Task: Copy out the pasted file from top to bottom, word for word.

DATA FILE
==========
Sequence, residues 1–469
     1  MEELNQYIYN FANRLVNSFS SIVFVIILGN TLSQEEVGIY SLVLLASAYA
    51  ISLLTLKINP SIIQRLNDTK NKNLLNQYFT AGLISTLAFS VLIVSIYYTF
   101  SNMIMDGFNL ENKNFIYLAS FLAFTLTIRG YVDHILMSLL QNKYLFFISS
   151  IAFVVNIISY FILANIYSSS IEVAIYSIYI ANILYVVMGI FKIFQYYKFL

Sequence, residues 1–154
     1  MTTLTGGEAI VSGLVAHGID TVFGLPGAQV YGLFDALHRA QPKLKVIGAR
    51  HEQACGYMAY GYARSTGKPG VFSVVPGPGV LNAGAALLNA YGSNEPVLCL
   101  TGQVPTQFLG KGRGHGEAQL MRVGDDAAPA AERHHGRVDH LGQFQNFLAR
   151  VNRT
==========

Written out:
Sequence, residues 1–469
     1  MEELNQYIYN FANRLVNSFS SIVFVIILGN TLSQEEVGIY SLVLLASAYA
    51  ISLLTLKINP SIIQRLNDTK NKNLLNQYFT AGLISTLAFS VLIVSIYYTF
   101  SNMIMDGFNL ENKNFIYLAS FLAFTLTIRG YVDHILMSLL QNKYLFFISS
   151  IAFVVNIISY FILANIYSSS IEVAIYSIYI ANILYVVMGI FKIFQYYKFL

Sequence, residues 1–154
     1  MTTLTGGEAI VSGLVAHGID TVFGLPGAQV YGLFDALHRA QPKLKVIGAR
    51  HEQACGYMAY GYARSTGKPG VFSVVPGPGV LNAGAALLNA YGSNEPVLCL
   101  TGQVPTQFLG KGRGHGEAQL MRVGDDAAPA AERHHGRVDH LGQFQNFLAR
   151  VNRT